“Well, no.” Aubrey is proud of how calm her voice comes out; she sounds just like her eighth-grade geometry teacher, all patience and smiles. “But we’re getting there. A few more hours, and—“

Hours?” Stacie groans again, the sound vibrating through her chest. Aubrey winces. “This is math. No one should be doing math for hours except, like, teachers.”

Okay, maybe she’s not as dedicated as Aubrey had hoped, but that’s not a problem. All she has to do is find something Stacie really likes, and bring math into it. It’s a classic trick for educating problem students. She’s almost positive.

She’s just trying to figure out how to make a word problem out of a handful of drunken celebrities and the probability of them finding their way into a comfortable jail cell on any given night when Stacie throws her pencil aside and sweeps herself dramatically out of her chair.

“This is dumb,” she announces. “Let’s do something fun.”

She’s seated on Aubrey’s lap before she can blink, and while Aubrey doesn’t like to think of herself as a prude, exactly, she finds herself going dry-mouthed in surprise all the same. Stacie is tall, and leggy, and looping her arms around Aubrey’s shoulders like she was invited here, and all Aubrey wants to do is teach her the quadratic equation.

“What are you doing?” she sputters. This isn’t like when Chloe flops down to take a nap on her shoulder. This isn’t like anything she’s ever known. Stacie is so weird.

(Still sweet, yes; the way she smiles down at Aubrey is so innocent, like she doesn’t understand what’s odd about this. She’s very sweet. She’s also a little bit heavier than Aubrey expected, and her breasts are heaving against Aubrey’s chest, and this is not algebra, thank you very much.)

“I’ve got a math problem,” Stacie says, her voice low and surprisingly husky. Aubrey’s stomach gives a pleasant jolt, her head spinning. “If you have one brunette and one blonde sitting on the same chair, and they’re both totally hot, how long until they make their way to the bed instead?”

It’s not a math problem; it’s a very real problem. Stacie is grinning down at her like the cat that ate the canary—or the one prepping it with salt and pepper, stuffing the poor little bird into the crock pot, and yes, Aubrey is certain that she is the feathered one in this scenario. Stacie is on her lap, her nails (perfectly manicured, smooth to the touch; Aubrey is impressed) drawing tiny designs on the back of Aubrey’s neck. Stacie is—

“This is highly inappropriate,” Aubrey huffs, seconds before Stacie rolls her eyes and kisses her, soft and wet and nothing like her long-term high school boyfriend used to.

She was supposed to be dragging Stacie across the line of comprehension, come hell or idiotic Beca Mitchell.

Instead, she winds up on her back on her clean pink bedspread, her hands fisted in Stacie’s thick dark hair.

They might have to settle for a C-minus, at this point.


Stacie doesn’t like to light fires.

Stacie doesn’t like to TP houses.

Stacie has never seen a Tarantino movie, or stolen a goldfish, or traded her brother’s Pokémon card collection for some dumb fifteen-year-old’s moped.

All the same, Lilly likes Stacie. Stacie talks a lot, which is helpful when Lilly isn’t feeling up to the task of shouting to be heard, and Stacie is fantastic at brushing the knots of your hair so you barely feel them at all. Plus, she’s got Daddy’s credit card on her side.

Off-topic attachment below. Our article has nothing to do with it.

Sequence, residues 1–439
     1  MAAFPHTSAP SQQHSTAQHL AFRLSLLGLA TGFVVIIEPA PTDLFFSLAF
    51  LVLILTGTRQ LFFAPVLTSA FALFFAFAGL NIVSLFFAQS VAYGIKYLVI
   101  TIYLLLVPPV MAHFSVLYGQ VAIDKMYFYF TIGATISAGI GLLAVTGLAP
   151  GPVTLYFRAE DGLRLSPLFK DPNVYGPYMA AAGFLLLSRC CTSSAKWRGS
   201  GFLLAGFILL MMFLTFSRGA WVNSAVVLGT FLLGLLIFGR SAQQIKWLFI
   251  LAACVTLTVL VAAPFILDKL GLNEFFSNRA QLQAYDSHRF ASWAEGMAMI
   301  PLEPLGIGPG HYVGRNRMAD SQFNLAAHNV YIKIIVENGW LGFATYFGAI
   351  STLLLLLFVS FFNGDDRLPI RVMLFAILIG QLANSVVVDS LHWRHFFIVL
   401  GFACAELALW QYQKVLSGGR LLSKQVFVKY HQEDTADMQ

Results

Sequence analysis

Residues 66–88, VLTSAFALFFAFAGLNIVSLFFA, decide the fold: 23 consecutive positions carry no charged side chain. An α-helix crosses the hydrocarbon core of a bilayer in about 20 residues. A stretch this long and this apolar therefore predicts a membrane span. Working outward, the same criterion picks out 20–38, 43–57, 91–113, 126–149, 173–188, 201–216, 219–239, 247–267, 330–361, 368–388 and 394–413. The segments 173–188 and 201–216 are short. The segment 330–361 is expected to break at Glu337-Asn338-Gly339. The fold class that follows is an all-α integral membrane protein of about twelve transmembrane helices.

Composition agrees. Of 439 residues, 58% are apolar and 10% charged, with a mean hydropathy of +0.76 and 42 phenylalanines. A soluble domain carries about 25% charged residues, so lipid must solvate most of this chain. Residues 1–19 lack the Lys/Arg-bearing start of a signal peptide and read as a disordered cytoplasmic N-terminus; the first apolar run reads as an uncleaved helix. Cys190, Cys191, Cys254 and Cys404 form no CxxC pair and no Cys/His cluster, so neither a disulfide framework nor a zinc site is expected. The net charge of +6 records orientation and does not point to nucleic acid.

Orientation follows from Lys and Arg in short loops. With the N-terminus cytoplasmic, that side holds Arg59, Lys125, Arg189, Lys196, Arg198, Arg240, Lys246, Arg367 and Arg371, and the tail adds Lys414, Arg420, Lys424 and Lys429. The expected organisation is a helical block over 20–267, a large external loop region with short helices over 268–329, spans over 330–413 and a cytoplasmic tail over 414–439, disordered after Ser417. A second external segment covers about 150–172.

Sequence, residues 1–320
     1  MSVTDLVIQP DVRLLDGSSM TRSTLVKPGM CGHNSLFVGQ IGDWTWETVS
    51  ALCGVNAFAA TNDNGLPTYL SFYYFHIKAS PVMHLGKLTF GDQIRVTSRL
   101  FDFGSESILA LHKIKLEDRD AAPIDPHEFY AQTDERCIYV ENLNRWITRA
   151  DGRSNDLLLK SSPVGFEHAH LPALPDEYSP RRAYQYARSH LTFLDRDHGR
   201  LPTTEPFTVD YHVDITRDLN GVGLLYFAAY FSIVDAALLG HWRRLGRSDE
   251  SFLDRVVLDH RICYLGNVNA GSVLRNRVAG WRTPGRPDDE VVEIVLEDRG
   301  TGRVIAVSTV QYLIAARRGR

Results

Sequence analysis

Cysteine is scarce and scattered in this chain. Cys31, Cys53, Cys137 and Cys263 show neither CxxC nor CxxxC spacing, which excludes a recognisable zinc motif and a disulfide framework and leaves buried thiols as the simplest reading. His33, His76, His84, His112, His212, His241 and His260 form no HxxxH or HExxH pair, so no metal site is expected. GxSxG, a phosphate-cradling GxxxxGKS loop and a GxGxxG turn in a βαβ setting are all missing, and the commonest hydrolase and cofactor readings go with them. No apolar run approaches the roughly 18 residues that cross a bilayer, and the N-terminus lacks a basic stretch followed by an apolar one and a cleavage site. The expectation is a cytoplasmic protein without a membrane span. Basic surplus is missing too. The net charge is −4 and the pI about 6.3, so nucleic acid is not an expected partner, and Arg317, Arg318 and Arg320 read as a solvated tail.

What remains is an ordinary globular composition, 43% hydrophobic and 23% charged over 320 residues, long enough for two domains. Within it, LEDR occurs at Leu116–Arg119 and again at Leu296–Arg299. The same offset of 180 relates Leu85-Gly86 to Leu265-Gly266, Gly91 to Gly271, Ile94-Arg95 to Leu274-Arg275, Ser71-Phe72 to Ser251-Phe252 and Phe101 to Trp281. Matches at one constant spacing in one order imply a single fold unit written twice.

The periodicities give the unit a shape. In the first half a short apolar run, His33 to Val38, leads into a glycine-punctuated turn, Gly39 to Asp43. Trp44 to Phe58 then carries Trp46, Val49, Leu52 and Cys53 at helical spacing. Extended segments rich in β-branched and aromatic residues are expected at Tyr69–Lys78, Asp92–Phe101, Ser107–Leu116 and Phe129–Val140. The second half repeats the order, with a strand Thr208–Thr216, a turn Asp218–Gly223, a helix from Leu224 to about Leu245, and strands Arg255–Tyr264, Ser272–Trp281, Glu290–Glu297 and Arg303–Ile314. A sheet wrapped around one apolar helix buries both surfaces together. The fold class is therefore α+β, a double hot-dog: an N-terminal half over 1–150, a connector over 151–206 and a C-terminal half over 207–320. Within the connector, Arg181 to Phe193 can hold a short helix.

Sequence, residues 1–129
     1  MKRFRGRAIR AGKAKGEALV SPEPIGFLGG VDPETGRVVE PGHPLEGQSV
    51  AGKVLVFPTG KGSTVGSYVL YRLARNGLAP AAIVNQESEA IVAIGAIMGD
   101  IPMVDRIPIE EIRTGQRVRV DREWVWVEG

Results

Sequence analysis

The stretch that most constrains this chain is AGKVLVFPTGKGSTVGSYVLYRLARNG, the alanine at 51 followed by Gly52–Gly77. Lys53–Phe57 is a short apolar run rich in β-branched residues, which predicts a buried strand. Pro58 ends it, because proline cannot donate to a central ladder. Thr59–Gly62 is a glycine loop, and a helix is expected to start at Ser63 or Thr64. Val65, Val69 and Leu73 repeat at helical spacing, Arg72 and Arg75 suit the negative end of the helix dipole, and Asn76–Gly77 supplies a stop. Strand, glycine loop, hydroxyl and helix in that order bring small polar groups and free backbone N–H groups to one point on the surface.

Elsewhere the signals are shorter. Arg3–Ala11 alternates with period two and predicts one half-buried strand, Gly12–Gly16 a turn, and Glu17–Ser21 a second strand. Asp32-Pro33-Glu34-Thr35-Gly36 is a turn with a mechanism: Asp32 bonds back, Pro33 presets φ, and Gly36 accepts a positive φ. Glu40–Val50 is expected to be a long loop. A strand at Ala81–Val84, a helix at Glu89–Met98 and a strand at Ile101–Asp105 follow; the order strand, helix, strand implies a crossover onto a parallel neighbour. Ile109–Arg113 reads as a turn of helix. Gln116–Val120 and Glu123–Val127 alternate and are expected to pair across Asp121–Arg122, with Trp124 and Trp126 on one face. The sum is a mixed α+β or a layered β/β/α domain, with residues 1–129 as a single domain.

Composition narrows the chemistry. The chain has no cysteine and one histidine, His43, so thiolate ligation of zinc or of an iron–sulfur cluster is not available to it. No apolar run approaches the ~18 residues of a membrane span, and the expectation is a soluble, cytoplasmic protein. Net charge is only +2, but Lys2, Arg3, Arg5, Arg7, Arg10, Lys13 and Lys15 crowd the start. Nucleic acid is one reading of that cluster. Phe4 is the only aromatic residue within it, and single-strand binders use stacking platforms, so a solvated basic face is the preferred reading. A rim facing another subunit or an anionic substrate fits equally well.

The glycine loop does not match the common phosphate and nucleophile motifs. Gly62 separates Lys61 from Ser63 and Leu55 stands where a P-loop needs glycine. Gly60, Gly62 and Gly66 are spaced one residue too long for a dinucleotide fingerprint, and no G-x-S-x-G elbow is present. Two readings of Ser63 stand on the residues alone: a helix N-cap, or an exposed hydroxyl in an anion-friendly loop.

If only Stacie were just a little bit more focused, she would make a pretty decent sidekick to Lilly’s dastardly plans.

Focus probably isn’t one of those things that can be taught any more easily than growing vocal cords meant for reaching audible human levels, but Lilly figures it’s worth a shot anyway. She needs a secondary partner in crime for when Fat Amy skips back to Australia and sets to work on their dual world takeover from that side of the globe. Aubrey is obviously out, being a prim little stick-in-the-mud; Chloe is too nice, and too into Beca, who is just a little bit too stuck on her own goals to immerse herself in Lilly’s. Jessica, Ashley, and Denise are too bland, and Cynthia Rose has too much debt to slip away into the shadows for months at a time. They’re all hazardous.

Stacie is the best option she’s got.

It’s just too bad Stacie is so wild.

To be sneaky, and sly, and at all good at the things Lilly is good at, you have to be quiet. Very quiet, and very aware of your surroundings. That’s Lilly in a nutshell; it’s how she likes her world. A fire here, a salt packet dropped surreptitiously into someone’s coffee there. No harm, no foul, just a lot of fun to keep the world from fizzling into a predictable, monotonous cycle.

Stacie’s not good at being quiet, or sneaky, or at thinking up the kinds of pranks that will win Lilly world domination someday (starting with Tasmania, because Fat Amy knows people, and knowing people is the first step to any good not-so-hostile takeover scheme). Stacie isn’t good at that at all.

But Lilly can teach her.

She’s pretty sure.

Lilly knows patience.

She doesn’t speak while training Stacie in ninja techniques, partially because that would go against the whole point of being a ninja—nice though it is sometimes, Stacie talks way too much anyway, and giving her extra conversational topics just seems idiotic—and partially because Stacie has already proven she can’t hear her even on good days. In fact, out of all the Bellas, Amy is the only person whose ears seem tuned just right for Lilly’s pitch. Which should work out quite nicely when it comes to sharing plans without being overheard by enemy ears.